I must say that I'm a fan. It's got a slightly different throwing consistency - Guilder Dave Ellis called it "more slippy," which I suppose is to say that in the throwing and centering it sheds a fine layer of slip between your fingers, on your sponge, etc. But I didn't find it to be any more challenging to throw. In fact, it seemed to resist soaking in too much water. By that I mean that unlike most clays I've thrown with, where getting it too saturated leads to over-saturation and collapse, this clay needed more surface moisture to keep from getting too sticky or drying out prematurely.

This made the biggest difference in my approach after throwing the piece. Rather than having to wait for it to dry out before removing it from the bat, all these pieces were cut off the bat and moved elsewhere immediately following the throwing. This saves time (cleaning bats, moving bats, finding more bats to throw on after I've used all mine up) and space (four vases on a piece of wood take up incredibly less space than four vases each on its own 12-inch bat). Not only were they all easily moved after throwing, but they were moved without losing shape at all. I often throw cups this way, and I have thrown bowls as such, but it's such a pain tweaking them back into the right shape after removing from the bat that it's almost worth the time and space to keep them on individual bats, at least until they've firmed up for a while. In any event, this aspect of the clay was a very pleasant surprise.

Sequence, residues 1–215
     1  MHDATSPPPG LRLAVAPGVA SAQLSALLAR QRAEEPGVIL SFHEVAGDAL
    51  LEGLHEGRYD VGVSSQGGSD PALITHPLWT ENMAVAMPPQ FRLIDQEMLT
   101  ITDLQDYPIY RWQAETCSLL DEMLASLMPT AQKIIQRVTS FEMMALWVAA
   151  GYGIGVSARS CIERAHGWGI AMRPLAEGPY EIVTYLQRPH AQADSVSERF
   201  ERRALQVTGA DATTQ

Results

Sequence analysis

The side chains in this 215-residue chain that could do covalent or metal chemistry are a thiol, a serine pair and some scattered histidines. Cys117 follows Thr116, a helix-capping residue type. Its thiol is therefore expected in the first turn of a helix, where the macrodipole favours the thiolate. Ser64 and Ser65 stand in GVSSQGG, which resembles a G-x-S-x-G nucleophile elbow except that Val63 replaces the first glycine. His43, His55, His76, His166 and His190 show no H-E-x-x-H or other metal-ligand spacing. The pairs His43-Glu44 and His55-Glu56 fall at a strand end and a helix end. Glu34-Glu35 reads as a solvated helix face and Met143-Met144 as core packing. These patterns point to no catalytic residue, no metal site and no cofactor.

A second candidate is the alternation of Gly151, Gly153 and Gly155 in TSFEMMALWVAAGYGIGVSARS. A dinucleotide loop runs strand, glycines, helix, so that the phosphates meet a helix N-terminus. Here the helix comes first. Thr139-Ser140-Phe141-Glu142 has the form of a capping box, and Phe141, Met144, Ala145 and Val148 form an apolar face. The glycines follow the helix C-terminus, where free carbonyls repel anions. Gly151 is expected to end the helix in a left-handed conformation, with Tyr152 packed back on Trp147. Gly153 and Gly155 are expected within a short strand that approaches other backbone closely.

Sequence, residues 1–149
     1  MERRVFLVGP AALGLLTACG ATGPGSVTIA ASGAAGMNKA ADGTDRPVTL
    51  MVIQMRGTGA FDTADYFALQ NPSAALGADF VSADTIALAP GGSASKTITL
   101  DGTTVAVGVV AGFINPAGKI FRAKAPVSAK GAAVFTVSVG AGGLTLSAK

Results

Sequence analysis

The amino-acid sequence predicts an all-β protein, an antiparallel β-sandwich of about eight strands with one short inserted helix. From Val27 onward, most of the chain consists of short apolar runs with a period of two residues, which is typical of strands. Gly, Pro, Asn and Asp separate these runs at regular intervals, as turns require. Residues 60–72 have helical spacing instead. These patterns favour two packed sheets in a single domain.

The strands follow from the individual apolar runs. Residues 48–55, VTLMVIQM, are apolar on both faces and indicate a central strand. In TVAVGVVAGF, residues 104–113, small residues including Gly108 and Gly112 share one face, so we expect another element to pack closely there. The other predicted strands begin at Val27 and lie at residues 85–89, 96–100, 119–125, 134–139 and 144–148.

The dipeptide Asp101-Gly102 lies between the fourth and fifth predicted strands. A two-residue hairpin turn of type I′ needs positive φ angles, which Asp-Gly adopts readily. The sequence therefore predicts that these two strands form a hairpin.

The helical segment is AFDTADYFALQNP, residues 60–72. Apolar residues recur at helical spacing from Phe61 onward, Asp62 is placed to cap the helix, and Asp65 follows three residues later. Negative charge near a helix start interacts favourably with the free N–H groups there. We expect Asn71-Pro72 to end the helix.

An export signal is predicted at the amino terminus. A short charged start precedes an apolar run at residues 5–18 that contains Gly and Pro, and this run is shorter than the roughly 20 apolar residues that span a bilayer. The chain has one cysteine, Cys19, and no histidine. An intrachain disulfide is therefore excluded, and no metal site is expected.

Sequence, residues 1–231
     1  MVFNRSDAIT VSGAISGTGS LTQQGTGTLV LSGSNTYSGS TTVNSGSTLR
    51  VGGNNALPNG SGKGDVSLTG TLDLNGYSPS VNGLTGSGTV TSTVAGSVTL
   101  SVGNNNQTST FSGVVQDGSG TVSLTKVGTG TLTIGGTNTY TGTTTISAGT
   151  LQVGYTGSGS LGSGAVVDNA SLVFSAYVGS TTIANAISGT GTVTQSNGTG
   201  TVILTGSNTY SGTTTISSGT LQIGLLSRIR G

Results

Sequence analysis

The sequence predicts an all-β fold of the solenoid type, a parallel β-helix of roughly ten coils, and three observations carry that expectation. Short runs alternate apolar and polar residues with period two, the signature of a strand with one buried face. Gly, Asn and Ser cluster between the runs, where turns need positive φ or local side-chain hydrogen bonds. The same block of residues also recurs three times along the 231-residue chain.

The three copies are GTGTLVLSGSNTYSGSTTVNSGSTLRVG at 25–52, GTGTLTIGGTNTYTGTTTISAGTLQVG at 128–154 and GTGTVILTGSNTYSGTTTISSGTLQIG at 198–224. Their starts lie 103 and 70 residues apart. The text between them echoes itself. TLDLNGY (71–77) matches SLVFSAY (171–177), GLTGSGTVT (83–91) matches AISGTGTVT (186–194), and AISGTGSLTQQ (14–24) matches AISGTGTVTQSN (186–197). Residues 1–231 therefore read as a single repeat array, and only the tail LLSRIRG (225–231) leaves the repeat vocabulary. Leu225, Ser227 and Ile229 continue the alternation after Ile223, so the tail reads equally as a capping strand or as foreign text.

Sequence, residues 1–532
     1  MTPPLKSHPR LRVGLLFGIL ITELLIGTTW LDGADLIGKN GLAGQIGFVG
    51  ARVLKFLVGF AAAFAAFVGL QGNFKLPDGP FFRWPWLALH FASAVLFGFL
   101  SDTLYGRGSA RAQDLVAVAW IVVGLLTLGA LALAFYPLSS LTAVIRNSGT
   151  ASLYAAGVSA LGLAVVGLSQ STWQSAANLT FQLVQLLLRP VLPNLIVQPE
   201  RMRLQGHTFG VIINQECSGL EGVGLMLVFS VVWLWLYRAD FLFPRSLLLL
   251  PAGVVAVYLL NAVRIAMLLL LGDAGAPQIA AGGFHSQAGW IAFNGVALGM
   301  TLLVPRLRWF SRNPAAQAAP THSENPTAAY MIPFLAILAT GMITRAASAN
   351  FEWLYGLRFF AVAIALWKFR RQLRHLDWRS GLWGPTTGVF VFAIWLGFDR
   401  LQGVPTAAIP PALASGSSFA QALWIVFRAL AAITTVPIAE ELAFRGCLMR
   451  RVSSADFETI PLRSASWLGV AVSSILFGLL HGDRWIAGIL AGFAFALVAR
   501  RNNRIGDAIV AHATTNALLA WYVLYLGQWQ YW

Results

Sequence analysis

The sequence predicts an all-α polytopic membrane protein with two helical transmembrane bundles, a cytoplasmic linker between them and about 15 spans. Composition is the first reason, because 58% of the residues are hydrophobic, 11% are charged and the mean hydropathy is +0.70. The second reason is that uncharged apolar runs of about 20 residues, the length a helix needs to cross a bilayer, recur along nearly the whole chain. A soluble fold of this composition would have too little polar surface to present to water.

Oh, and did I mention that it seems to throw vases/jars/vertical forms easier than my other clay? I mean, this piece is obviously not horribly tall or impressively large, but it is pretty evenly thrown all the way through, and not particularly heavy.

And yes, I did do the abstract brushwork intentionally. As the slip is made from a different clay body (albeit in the same firing range), there will probably be some shrinkage differential, which will effect the level of control between decoration and firing (unless I make up some slip from this clay, which will probably happen). But I'm thinking that going even more abstract than my decoration already is will free me up to be a little looser in glazing these pieces.

Needless to say, I'm a little excited about this clay and am actually kind of anxious to get back in the studio and throw some more pots. Which doesn't happen every day.

Well, maybe a little.

But I'm excited. To make more little vases. And some big vases. And some bowls. And all pieces that I will be glazing. With real color. And exploring. And hopefully they'll turn out well.

***As an endnote, I realize that I may have gotten convoluted in either my complaining about clay, or describing the new clay, or anything else that I write about on a regular basis anyway. If anything didn't make sense, or it inspired more questions than answers, or thoughts, or comments of any sort, please let me know. You can leave a comment at the bottom of this post, or I'm always happy to receive an e-mail (address located at the right-hand side of the page).